For more information, read "The First Assassination of the 21st Century"
Surprisingly little media attention has been paid to Russian president Vladimir Putin's recent attempts to rein in the power of the Russian Academy of Sciences, which has operated with a sizeable amount of autonomy since it was founded by Peter the Great in 1724. Even under the Soviet Union, the Academy managed to defy the authorities by denying unqualified Communist party officials entry and refusing to expel the physicist Andrei Sakharov, who was an active campaigner for human rights and political reform.
Perhaps it was this defiance that spurred the government to take its first steps against the Academy last year, by trying to stack the institution with members of parliament and prominent businessmen, most of whom were turned away for insufficient scientific competence. That move may have failed, but a few months ago, the government took a different tack, declaring the institute moribund and in need of a new charter. The proposed charter would place the Academy's multibillion-dollar property holdings under state control, give Putin final approval of the Academy president, and put many of the organization's decisions in the hands of government oversight committees. With this loss of autonomy, research priorities would be taken out of the hands of scientists, and basic research could lose out to more immediately profitable projects.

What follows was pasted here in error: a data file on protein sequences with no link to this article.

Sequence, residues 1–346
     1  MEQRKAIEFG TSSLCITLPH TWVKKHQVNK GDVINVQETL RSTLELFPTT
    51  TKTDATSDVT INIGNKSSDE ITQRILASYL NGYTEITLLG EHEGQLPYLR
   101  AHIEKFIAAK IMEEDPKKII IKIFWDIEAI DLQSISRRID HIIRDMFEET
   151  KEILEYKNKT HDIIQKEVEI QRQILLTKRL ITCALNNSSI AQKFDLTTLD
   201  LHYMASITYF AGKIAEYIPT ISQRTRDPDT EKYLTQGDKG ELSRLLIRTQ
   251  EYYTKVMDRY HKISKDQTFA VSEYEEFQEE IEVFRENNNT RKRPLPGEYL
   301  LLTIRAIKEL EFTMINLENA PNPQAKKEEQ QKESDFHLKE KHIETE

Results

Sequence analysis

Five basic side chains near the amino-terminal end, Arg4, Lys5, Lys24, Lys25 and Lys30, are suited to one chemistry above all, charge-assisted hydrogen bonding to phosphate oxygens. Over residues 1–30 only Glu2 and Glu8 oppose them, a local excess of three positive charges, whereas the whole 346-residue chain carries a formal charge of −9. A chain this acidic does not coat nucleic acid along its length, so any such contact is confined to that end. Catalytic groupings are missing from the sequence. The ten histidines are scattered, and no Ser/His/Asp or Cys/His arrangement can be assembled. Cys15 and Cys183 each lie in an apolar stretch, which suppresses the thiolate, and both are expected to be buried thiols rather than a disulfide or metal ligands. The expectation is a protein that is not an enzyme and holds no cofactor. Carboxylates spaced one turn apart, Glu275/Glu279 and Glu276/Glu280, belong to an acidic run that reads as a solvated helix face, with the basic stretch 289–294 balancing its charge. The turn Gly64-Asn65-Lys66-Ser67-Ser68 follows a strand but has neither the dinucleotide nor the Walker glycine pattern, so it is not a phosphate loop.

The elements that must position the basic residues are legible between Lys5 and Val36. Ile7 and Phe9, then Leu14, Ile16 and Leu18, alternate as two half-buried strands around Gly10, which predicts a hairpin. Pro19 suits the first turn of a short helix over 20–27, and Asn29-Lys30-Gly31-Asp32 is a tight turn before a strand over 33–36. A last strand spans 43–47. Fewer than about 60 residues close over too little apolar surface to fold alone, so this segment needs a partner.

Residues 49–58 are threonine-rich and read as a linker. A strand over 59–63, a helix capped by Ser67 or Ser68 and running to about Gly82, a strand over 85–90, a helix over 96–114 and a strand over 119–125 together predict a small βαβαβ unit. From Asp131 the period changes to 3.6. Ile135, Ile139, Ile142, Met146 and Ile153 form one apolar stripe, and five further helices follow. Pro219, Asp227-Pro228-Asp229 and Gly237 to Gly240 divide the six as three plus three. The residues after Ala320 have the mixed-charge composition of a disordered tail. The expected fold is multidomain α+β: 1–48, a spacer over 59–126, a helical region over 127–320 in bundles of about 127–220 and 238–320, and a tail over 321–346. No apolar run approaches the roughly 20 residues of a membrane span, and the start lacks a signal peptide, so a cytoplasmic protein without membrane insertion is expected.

The scientists, not surprisingly, are quite upset by these maneuvers. In an article printed this week in Britains Sunday Telegraph, Vitaly Ginzburg, a 90-year-old Nobel Prize winner and vice president of the Academy, said that, sure, science was bad under Stalin, but not this bad. "In those days you could come up with an idea and create," he said, "That's how we put the first Sputnik satellite into space. Now the government thinks science must bring only income and profit, which is absurd." Key members of the Academy have expressed concern that the governments moves signal an attempt to seize the institutions property holdings and dismantle any challenges to Putins power. In late March, they voted almost unanimously to approve their own version of the charter, in defiance of the Kremlin's wishes, which has put the sides in a temporary stalemate.
Government officials say the Academy is in need of fresh blood and blame Russia's brain drain in part on the institutions inflexibility. But given Putin's history of consolidating power, the scientists aren't alone in viewing this as another chapter of the same old story. The international community is beginning to sound alarms about the future of science in Russia—but in the meantime, government restrictions are leaving Russian scientists nostalgic for the golden age of Sputnik. —Kevin Friedl